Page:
By the time Barry, Steve, Eamonn and I got to the base of the route, Rolo was already halfway up the rope they had fixed the day before. It was clear our gambit had failed and there was nothing for it but to laugh, wish the others good luck, and ski out for pastries at Laggan's. After all, as the song says:
"You've got to know when to hold 'em,
Know when to fold 'em,
Know when to walk away..."
The obscure object of desire, the line that became Sans Blitz.
Barry Blanchard joins the predawn gathering at the base of the coveted line.
Why do we care so much to be the first ones on a particular piece of vertical real estate? Why do we seek out unclimbed drips and drabs of ice, often many hours from the nearest road, up obscure, trackless valleys? Is it, Star Trek like, to boldly go where no one has gone before? Is it to draw our own lines on the blank canvases of cliffs and mountainsides? Or is it for the "awesome!!!" and "amazing!!!" comments on our Facebooks and Instagrams? I'm not sure I have the answers.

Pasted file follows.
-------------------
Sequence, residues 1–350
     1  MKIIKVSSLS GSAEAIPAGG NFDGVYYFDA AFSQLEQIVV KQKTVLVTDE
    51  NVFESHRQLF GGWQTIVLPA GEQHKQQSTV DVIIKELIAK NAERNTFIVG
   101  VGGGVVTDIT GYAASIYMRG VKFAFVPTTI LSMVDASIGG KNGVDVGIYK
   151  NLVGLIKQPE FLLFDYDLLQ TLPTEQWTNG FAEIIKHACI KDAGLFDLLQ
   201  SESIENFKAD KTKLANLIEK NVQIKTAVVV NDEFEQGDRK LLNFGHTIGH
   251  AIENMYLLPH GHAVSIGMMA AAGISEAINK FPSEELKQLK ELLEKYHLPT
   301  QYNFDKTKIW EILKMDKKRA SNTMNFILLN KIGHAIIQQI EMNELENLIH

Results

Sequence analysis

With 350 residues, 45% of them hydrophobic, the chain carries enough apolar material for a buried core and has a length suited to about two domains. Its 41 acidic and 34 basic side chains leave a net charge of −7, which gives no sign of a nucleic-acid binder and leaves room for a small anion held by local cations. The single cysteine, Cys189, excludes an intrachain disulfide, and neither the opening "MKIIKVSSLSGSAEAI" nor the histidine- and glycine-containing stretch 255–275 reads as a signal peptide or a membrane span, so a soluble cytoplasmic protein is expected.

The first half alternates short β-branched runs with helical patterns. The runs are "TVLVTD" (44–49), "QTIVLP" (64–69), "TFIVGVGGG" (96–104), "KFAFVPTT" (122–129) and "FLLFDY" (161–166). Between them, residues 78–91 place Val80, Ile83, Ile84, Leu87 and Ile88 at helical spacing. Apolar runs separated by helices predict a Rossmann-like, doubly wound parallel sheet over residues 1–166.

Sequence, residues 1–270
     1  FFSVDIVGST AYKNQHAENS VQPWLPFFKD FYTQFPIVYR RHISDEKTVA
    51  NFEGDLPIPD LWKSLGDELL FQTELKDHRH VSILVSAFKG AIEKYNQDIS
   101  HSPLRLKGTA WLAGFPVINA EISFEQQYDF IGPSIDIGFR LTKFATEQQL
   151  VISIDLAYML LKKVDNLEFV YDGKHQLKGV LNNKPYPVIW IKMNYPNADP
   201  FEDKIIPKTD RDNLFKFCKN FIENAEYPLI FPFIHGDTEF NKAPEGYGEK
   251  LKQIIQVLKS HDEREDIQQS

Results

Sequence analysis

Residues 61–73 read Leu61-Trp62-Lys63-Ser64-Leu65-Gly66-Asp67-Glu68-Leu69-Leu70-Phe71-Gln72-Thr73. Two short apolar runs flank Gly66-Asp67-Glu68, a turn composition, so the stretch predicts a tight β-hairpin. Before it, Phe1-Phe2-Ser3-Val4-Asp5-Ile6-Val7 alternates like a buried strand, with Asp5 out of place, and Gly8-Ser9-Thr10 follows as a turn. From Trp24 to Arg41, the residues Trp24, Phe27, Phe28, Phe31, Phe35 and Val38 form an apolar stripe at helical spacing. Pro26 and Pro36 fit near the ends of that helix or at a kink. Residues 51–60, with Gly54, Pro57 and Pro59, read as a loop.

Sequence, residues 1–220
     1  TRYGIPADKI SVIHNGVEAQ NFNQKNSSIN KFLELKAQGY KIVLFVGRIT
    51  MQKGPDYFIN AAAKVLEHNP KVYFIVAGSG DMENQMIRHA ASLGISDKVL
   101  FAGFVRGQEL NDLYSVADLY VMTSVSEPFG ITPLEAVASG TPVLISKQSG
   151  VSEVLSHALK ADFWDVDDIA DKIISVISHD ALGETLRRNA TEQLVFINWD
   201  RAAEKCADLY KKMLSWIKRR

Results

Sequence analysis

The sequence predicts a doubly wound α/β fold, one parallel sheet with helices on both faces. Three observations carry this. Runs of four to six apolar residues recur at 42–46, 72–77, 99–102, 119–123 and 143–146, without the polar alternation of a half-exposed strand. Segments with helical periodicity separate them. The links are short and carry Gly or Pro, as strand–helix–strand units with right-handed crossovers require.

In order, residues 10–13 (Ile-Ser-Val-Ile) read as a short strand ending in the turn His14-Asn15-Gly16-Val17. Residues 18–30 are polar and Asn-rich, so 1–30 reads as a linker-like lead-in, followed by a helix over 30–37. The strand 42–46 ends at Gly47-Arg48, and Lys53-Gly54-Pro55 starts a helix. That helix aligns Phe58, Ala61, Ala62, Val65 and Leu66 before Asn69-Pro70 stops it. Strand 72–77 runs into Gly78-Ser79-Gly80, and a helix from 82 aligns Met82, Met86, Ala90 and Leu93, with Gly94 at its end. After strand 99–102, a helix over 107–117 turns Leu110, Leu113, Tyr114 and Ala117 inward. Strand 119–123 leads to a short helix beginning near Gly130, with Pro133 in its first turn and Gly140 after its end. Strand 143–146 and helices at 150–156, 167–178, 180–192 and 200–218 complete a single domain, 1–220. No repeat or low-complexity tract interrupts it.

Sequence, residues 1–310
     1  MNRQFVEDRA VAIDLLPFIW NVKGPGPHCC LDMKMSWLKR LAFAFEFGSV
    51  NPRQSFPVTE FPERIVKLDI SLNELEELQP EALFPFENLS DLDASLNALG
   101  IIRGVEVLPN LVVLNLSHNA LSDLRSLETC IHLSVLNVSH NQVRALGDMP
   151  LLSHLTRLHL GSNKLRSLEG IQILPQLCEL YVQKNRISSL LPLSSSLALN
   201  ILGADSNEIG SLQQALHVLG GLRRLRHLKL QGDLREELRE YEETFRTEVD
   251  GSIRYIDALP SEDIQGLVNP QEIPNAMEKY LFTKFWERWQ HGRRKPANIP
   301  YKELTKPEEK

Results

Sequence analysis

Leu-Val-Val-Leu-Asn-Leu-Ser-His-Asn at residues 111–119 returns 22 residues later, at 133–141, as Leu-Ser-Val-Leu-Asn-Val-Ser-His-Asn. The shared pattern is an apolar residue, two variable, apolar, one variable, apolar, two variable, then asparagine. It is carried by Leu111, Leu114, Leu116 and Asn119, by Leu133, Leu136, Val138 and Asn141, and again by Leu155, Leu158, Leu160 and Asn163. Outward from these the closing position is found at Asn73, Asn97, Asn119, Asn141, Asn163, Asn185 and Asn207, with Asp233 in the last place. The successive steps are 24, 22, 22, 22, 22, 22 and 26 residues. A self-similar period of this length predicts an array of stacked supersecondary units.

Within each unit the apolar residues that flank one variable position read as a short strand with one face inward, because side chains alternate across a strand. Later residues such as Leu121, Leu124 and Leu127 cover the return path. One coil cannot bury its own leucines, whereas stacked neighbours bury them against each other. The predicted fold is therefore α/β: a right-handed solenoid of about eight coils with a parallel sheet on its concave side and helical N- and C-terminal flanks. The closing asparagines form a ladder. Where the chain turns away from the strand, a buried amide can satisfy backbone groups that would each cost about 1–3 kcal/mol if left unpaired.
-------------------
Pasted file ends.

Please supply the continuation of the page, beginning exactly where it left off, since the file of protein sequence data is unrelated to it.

Sarah Hueniken had a few days off from guiding while I had my reading week. It was time to play.
"Got any ideas?"
"A potential new route..."
"Those blobs left of the Nasty Habits finish?"